If you’re like me and you’re just starting your New Year goal planning, here are five tips to help you reach your goals.
1. Start with a Long-Term Vision You’re Excited About
One of the ideas emphasized in the Inspired Leadership Specialization I recently completed is that goals need to be part of a long-term vision you’re excited about. In the article, Vision-based coaching: optimizing resources for leader development, Angela M. Passarelli writes:
“Focused goals without the context of a long-term vision can result in short-term behavior modification but may lack the emotional commitment required to sustain one’s strivings over an extended period of time.”
Start by imagining what your ideal work and life would look like 10 years from now. If 10 years feels too far away, try 5 years, 2, or even 1. If you’re having trouble visioning, do something that makes you feel happy and relaxed and then go back to visioning. When the parasympathetic nervous system is activated, it’s easier to vision.
According to the article, The role of the positive emotional attractor in vision and shared vision: toward effective leadership, relationships, and engagement, “Discovering an ideal self requires efficacy, hope, and openness (Boyatzis and Akrivou, 2006). It requires people to dream, imagine future selves, and to be excited about these images.”
When you vision from a relaxed place, you’re going to create an image of an ideal future that excites you; consequently, you’ll be more motivated to work on goals to reach it.
2. Make A Learning Plan, Not an Improvement Plan
As I mentioned in the post, Create Goals to Learn, Not to Fix, when you approach goal planning from a deficit mindset, your brain sometimes goes on the defensive. On the other hand, if you set “learning goals” your brain sees possibilities and is more open to change. According to a reading in the Conversations That Inspire course I took:
“There are differences – including psychological and hormonal differences – between planning to improve and planning to learn. Improvement plans invoke short-term behavior change and often, defensiveness. Learning plans foster motivational will and energy to embark upon and sustain the development process.”
So, for example, instead of setting a goal to, “Be better at managing my time by January 2024,” try, “Between now and January 2024 I will learn how to manage my time.” Doesn’t that sound more inviting and less like an ultimatum?
3. Write Down Your Goals
You’ve created a vision of your ideal future and set goals with a learning framework. Now write them down!
According to the Inc. article, This Is the Way You Need to Write Down Your Goals for Faster Success, “You are 42 percent more likely to achieve your goals if you write them down.” Where you write your goals down is up to you, but I’d suggest putting your long-term vision and learning goals up where you can see them. That way, if you’re taking a challenging action step, you’ll be reminded of why you’re doing it, and be more likely to complete it.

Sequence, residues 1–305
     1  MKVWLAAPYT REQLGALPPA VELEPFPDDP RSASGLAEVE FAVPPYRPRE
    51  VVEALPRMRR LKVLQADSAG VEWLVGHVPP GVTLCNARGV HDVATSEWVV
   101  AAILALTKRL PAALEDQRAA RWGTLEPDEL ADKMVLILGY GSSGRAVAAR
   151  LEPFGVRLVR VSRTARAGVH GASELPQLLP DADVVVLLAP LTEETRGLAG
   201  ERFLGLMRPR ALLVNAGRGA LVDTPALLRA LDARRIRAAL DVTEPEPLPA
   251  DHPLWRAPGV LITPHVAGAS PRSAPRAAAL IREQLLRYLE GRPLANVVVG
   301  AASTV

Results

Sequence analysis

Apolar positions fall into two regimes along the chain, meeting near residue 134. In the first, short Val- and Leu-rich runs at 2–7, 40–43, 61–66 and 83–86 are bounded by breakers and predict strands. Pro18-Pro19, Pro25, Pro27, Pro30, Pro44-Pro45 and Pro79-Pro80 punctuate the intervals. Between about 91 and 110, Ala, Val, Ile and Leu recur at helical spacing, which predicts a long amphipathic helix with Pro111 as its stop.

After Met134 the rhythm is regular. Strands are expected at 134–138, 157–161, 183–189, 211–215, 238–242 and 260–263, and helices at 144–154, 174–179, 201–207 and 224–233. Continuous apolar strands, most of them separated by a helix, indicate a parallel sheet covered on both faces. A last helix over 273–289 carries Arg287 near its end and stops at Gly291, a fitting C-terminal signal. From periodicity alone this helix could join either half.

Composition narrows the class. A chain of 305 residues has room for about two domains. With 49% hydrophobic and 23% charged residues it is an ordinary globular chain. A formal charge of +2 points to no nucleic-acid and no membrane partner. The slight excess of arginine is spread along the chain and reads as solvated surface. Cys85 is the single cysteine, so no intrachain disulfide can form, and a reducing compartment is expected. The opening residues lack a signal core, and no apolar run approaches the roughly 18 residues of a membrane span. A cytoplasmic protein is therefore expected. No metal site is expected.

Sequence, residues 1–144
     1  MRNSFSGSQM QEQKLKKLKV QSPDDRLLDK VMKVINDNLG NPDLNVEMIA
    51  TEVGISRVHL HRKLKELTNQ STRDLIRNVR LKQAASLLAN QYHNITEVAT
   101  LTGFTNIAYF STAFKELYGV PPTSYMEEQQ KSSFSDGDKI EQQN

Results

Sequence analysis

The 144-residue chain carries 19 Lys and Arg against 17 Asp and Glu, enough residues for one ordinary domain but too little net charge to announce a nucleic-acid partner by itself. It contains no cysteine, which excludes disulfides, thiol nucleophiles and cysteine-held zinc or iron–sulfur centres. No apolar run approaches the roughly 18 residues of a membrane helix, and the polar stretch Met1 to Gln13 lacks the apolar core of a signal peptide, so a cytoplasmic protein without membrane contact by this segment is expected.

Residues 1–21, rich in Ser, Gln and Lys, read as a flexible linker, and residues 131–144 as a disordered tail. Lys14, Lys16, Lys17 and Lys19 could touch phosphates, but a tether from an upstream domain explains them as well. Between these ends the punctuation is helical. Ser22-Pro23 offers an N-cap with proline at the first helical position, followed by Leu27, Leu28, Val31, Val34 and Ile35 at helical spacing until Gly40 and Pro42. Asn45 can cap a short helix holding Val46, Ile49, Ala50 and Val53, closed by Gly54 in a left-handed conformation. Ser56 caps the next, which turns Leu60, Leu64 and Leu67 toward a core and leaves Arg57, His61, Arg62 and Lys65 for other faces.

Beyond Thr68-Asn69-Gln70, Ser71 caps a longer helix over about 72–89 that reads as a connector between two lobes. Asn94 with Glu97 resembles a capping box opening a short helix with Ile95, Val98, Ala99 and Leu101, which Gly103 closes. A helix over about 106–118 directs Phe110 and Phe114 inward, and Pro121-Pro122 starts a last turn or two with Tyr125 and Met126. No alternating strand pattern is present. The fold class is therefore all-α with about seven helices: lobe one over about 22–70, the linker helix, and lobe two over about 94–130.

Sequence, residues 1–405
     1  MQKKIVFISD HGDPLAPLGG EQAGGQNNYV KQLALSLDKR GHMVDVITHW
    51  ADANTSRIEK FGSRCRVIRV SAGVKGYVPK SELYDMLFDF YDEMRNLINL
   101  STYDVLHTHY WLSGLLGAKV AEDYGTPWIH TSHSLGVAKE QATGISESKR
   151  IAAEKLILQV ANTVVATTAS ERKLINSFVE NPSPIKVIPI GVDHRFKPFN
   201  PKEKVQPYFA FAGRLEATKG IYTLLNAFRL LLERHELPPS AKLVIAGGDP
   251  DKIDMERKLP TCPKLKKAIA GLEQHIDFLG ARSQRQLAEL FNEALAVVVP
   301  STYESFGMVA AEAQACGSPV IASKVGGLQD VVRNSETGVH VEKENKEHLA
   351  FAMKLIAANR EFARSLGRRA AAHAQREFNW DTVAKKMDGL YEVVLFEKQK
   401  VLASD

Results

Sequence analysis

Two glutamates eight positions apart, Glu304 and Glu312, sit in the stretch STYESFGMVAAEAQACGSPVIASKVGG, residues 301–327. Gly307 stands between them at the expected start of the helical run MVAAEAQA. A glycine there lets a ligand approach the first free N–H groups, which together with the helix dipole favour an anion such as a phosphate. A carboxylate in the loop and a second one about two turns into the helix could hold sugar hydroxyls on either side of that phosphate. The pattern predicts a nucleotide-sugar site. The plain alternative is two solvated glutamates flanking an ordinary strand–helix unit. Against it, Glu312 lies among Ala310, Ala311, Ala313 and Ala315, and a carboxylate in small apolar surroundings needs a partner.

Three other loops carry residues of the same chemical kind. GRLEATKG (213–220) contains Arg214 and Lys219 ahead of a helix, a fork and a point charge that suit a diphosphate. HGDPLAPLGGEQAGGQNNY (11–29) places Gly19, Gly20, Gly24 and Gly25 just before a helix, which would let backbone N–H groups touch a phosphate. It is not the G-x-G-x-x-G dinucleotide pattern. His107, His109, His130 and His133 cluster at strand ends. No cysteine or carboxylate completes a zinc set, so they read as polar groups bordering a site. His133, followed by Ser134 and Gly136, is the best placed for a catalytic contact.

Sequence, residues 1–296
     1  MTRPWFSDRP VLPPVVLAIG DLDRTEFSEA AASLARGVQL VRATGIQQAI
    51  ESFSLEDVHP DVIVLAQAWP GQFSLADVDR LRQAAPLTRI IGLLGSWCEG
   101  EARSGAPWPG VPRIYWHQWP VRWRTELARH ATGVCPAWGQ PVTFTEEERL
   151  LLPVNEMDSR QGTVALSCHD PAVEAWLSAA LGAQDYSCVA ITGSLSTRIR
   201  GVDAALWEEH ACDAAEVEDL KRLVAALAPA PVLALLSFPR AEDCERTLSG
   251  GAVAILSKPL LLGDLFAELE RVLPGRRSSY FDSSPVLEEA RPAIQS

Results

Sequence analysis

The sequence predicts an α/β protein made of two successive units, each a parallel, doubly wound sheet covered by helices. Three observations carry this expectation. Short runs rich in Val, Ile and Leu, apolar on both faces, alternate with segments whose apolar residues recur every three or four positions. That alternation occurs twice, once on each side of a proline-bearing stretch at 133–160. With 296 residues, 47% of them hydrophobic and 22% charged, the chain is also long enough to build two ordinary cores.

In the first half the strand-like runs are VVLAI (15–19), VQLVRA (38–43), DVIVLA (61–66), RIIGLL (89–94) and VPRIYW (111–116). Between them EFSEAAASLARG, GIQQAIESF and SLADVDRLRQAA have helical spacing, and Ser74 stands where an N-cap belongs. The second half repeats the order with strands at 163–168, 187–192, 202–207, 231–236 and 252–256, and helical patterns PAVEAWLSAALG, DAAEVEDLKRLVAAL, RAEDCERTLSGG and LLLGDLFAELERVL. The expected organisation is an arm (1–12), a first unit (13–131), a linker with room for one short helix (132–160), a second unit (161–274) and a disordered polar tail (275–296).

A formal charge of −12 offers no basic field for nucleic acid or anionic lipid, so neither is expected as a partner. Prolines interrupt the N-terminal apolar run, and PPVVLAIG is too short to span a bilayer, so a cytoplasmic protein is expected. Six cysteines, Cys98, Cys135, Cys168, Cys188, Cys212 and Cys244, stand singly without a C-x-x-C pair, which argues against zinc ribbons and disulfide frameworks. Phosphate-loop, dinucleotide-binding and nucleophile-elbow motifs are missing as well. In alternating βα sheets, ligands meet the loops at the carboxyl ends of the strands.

4. Create an If-Then Plan
It’s normal to encounter obstacles when pursuing visions and goals. That’s why it’s important to make a plan for what to do when that happens. In her article, Why Sharing Your Goals Makes Them Less Achievable, Marwa Azab suggests you create an “if-then plan.” For example, let’s say you set a goal to learn to write regularly in the mornings. Most likely, there are going to be mornings when that will be a challenge. Your if-then plan might look like: If I don’t write in the morning then I will write during my lunch break, or then I will write after work, or then I won’t beat myself up about it.
5. Be Accountability Partners with a Friend You Trust
Visions and goal planning, especially in their infancy, are tender things. It’s important to share them with people you trust. In the article, “The Science-Backed Reasons You Shouldn’t Share Your Goals,” Amy Rigby writes:
“A Dominican University study found that more than 70% of participants who sent a weekly progress report to a friend reported successful goal achievement, compared to only 35% of participants who kept their goals to themselves and didn’t write them down.”
I bet one of your friends has learning goals they’d like to achieve, too. Reach out and ask if you can keep each other accountable with a weekly check-in email.
5 Tips for Your New Year Goal Planning
• Create goals that are part of a long-term vision you’re excited about.
• Craft goals focused on learning, rather than on fixing, or improving.
• Write down your goals.
• Prepare an if-then plan for when your action steps hit a snag.
• Find a trusted friend to share your goals with and keep each other accountable.
I hope these tips help you create a Big Vision for your work in the world that you’re excited about and goals to support that vision. If you need support clarifying or communicating your Big Vision, schedule your 30-minute complimentary coaching call.
Photo by Lili Popper on Unsplash